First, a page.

Over a quiet coffee very early on in our marriage
“babe, your tyre is a little flat, you need to pump it up next time you fill the car with fuel.”
Pause… “how do you pump the tyre up?”
Longer pause… “what do you mean how do you pump the tyre up? Do you not know how to pump the tyre up?”
“Yes, you get the thingy and put it on the thingy.”
Pause… “You don’t know how to pump the tyre using the thingy do you?”
“No, but you don’t know a good pair of shoes from bad ones…”
“It’s true, I do not know a pair of bad shoes from good ones but…now you are just changing the subject.”
I am bound to be accused of mass generalisations in this blog and I want to remind you (since you have taken the time to read my blah) that my point isn’t to stereotype men, it is simply pointing out a common theme – men tend not to share their soul very easy. Men find it easy to engage in a conversation when they are in familiar territory and there is little risk of vulnerability – like pumping up tires. Men are happy to describe the journey only when the journey is finished because they can regulate their emotions and stay in their head when they are simply recalling an event. It is much more difficult to engage in conversation and offering commentary in the middle of the journey because the unknown prompts elevated levels of emotion and we generally don’t like that much
Awkward moment after dinner – woman crying. “What is the matter?”
“Nothing, no really nothing at all.”
A terrible attempt at talking about more than just pumping tires – “Is it that monthly thing again?”
Deadly look that tells me I said something very bad.
Through gritted teeth, “I just had a bad day….grrrr.
In contrast to what I just described, there is something going on with Italian men that we should take note of. On a recent trip to Europe we noticed Rome is a buzz with chatter from morning till night and it isn’t just the women. The men are affectionate, they hug, kiss each other with a two handed grip on each other’s head, they laugh, cry and yell all at the same time!
My first experience of Italian male expression was our taxi driver who drove my wife and I from the train station to our apartment. He told us about the financial crisis, nepotism in politics, high taxes, the weather cycle, corruption, his daughters, married status, past relationships and gave us a tour on what we were seeing all in 15 mins. His hands left the steering wheel regularly to punctuate his many points and returned only to toot his horn.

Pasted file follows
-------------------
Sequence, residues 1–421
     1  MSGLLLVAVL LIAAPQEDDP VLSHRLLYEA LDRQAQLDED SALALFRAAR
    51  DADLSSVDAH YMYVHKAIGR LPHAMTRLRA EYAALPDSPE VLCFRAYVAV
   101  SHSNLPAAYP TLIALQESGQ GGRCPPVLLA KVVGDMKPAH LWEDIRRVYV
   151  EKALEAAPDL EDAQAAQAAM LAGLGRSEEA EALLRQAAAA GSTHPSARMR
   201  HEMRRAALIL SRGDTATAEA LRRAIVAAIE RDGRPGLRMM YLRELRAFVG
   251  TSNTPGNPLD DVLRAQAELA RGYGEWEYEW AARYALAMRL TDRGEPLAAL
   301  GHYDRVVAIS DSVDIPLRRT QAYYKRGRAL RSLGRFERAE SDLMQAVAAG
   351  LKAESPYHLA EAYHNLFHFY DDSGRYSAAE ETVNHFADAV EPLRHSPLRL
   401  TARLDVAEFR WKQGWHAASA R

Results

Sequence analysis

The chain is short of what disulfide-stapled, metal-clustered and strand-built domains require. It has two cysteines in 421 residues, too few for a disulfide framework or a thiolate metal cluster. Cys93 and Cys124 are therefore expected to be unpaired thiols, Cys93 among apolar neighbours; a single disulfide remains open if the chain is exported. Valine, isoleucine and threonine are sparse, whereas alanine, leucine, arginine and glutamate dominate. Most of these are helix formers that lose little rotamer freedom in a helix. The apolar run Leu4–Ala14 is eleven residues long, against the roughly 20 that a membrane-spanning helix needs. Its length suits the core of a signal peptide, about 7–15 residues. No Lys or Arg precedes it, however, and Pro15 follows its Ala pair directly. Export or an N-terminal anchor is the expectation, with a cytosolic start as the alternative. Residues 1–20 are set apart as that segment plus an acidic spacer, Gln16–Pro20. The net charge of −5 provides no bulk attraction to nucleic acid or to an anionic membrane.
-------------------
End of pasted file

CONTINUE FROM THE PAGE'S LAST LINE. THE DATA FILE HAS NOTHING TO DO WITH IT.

We soon arrived to our apartment but the street was tiny with nowhere to park. Our driver stopped in the lane way as I passed him my credit card and Helena (my wife) jumped out, within seconds the traffic was banking up and he was forced to go around the street in a tight 10 meter circle with one hand on the steering wheel and one hand on the credit card machine.
Unfortunately he couldn’t get the credit card machine to work, “whatsa, costa, mamma Mia” (terrible phonetics I know). In an attempt to get reception he held the machine out his window continuing to drive around and around. Message on receipt – decline. “Fascia uno mazeratie, Ferrari!” Helena is standing on the side of the road watching him go around and around able to hear his rants and sees me looking through the window in the back seat with a big smile. As he passed Helena every 30 seconds he called out, “so sorry madam!” After 4 attempts and lots of sweat, the machine succumbed to the Italian intimidation and the payment went through. Our taxi driver offered a tone of relief and directed his last rant to a fictitious being in the car, “lambino musca luvata messa!” We were done.
Soon we we’re standing on the ancient cobbled streets of Rome having just witnessed an avalanche of emotion from our taxi driver that would take an Aussie 3 years to unload (if prompted). On our first walk that evening we took note of all the men outside cafés passionately engaged in conversation. We sat down at a table and straight away the men and women were playful in their conversation curious to who we were. It wasn’t that unusual to hear an inspired expression of song from a boy on a bike to a man minding his own business in a “bric a brac” shop.
It got me thinking how inward living we men can be, fearful of expressing ourselves for the fear of being known – conservative. I think we could learn a thing or two from our Italian brothers and sisters – I am a singer and I rarely sing out loud unless I am rehearsing or doing a gig, what is with that?
So men, let’s express ourselves and surprise the loved ones around us, surprise someone you don’t know next time you are meandering the streets with your best rendition of your favourite song. Let’s change the misconception that we are a land of beer and belly’s to a land of loooove and wine. Who knows you may even like it!